Tuesday, June 4, 2013

An SAT with Jenn Johansson, Author of INSOMNIA

Today's guest for the SAT is Jenn Johansson, author of INSOMNIA, and a fellow Friday the Thirteener. Jenn loves writing, playing board games, and sitting in her hot tub. Her dream is that someday she can do all three at the same time. In INSOMNIA, instead of sleeping, Parker Chipp enters the dream of the last person he’s had eye contact with. If that isn't interesting enough for you, I bet the first line will have your attention: It’s been four years since I slept, and I suspect it is killing me.

INSOMNIA will be available June 8th, from Flux.

Writing Process:

Are you a Planner or Pantster?

I’m a hybrid. I write a very broad, very general outline to give me a blueprint and then I feel very comfortable veering off of it when it feels right.

How long does it typically take you to write a novel, start to finish?

Straight through drafting without taking time off in the middle…it takes about 6-8 weeks. And then I start editing and revising. 

Do you work on one project at a time, or are you a multi tasker?

Definitely one project at a time, except if they’re in different phases. I can draft one and edit another, but I really prefer focusing on one and putting the others aside until later.

Did you have to overcome any fears that first time you sat down to write?

No. I really didn’t even think I was writing a book at the time. I just wanted to get this idea out of my head. It wasn’t leaving me alone. By the time I realized it was a book I was too far in to get suddenly nervous about the whole thing.

How many trunked books did you have before you were agented?

One…but it had been revised/rewritten about seventeen times.

Have you ever quit on an ms, and how did you know it was time?

Yes. I knew it was time because I was finally so sick and tired of it that I didn’t want to look at it anymore. I also had a new idea that was really starting to pull on me and I didn’t want to make that one wait any longer. So I moved on, and I’m so happy I did.

Querying and Agent Hunt Process:
Who is your agent and how did you get that "Yes!" out of them?  

My agent is the amazing Kathleen Rushall of Marsal Lyon Literary Agency. I got her through a traditional query slushpile process. She read the first 50 pages of my book and then offered…I told her to finish the book and let me know if she still felt the same. She did. I squealed. We lived happily ever after.

How long did you query before landing your agent? 

My first (trunked) book, I sent over 100 queries and got quite a bit of interest but no offers. With Insomnia, I sent just over 30 before I got my offer. 

Any advice to aspiring writers out there on conquering query hell?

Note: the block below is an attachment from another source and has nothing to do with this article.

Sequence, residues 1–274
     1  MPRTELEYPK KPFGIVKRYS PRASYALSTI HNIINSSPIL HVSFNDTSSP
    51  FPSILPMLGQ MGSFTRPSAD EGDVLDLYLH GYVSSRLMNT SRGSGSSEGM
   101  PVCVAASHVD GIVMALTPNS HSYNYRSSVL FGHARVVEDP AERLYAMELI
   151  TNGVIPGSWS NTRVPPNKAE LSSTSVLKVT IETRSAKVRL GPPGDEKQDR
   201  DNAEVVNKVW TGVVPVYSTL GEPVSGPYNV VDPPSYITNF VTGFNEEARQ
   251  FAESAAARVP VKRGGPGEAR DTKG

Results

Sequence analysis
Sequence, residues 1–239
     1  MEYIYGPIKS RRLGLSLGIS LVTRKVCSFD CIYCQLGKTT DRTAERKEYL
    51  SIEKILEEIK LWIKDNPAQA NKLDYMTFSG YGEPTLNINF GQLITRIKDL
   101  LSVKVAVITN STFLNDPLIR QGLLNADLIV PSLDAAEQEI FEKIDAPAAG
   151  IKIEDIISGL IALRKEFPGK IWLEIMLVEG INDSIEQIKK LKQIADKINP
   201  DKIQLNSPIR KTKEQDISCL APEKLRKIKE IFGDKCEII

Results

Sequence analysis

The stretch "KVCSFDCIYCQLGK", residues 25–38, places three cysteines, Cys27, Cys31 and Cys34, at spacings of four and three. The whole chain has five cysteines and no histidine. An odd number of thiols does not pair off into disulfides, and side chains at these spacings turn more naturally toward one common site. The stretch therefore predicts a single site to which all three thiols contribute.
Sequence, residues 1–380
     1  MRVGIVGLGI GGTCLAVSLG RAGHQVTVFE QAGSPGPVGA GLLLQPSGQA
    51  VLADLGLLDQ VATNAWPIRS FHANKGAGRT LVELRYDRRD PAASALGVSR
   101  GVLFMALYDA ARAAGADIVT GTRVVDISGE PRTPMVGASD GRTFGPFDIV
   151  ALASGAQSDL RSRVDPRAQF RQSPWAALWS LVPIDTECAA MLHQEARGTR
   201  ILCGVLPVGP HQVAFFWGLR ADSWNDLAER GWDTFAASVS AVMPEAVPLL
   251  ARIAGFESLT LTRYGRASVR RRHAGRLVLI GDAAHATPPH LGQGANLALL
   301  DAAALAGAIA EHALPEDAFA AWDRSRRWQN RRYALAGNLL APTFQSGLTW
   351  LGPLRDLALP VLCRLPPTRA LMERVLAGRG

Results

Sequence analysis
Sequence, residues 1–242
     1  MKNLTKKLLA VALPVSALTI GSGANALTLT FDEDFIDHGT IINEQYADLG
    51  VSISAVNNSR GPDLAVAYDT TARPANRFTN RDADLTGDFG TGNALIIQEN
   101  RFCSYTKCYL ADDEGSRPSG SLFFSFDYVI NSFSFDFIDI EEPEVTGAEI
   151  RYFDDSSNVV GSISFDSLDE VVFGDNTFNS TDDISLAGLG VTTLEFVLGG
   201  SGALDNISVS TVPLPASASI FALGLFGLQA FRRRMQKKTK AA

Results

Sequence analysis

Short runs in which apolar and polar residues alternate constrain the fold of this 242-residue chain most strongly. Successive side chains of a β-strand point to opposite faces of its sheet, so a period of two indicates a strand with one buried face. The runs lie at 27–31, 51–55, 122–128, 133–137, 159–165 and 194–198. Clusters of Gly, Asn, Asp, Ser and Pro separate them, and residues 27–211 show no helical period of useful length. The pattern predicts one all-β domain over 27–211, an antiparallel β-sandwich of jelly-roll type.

Most authors I know got their agent through the slush pile. It does work. You just have to keep writing, keep trying and keep improving. There is no shortcut or keyword, it’s all about hard work and perseverance. 

On Being Published:
How did it feel the first time you saw your book for sale?

A convoluted mixture of thrilling and terrifying. I’m not sure if it’s ever going to stop feeling this way. 

How much input do you have on cover art?

Very little. They showed me what they liked and I gave a couple of minor suggestions. They took a couple, said no to the rest, and it was done. I love what they did with it. 

What's something you learned from the process that surprised you?

Nothing smoothes out after you get an agent or a book deal. The roller coaster keeps going and still has just as many violent ups and downs. I think people just get a little better at holding on and enjoying the ride. 

Social Networking and Marketing:
How much of your own marketing do you?  

Quite a bit of it. Flux helps out here and there and opens doors I can’t get through, but I do a lot of it on my own. I'm on Twitter, I blog, have my own site, Tumblr and Facebook. Of course I'm also on Goodreads, as is INSOMNIA

When do you build your platform? After an agent? Or should you be working before?

I think it’s a good idea to start before. It takes years to get people to listen and pay attention to what you have to say. It never hurts to get a jumpstart on that. 

Do you think social media helps build your readership?

Yes! I think there are many people I know through social media who otherwise wouldn’t have heard of me or my book who have ordered it and are excited about it. The internet makes the world even smaller and gives even more weight and power to word of mouth. We should all be trying to take advantage of that whenever possible. 

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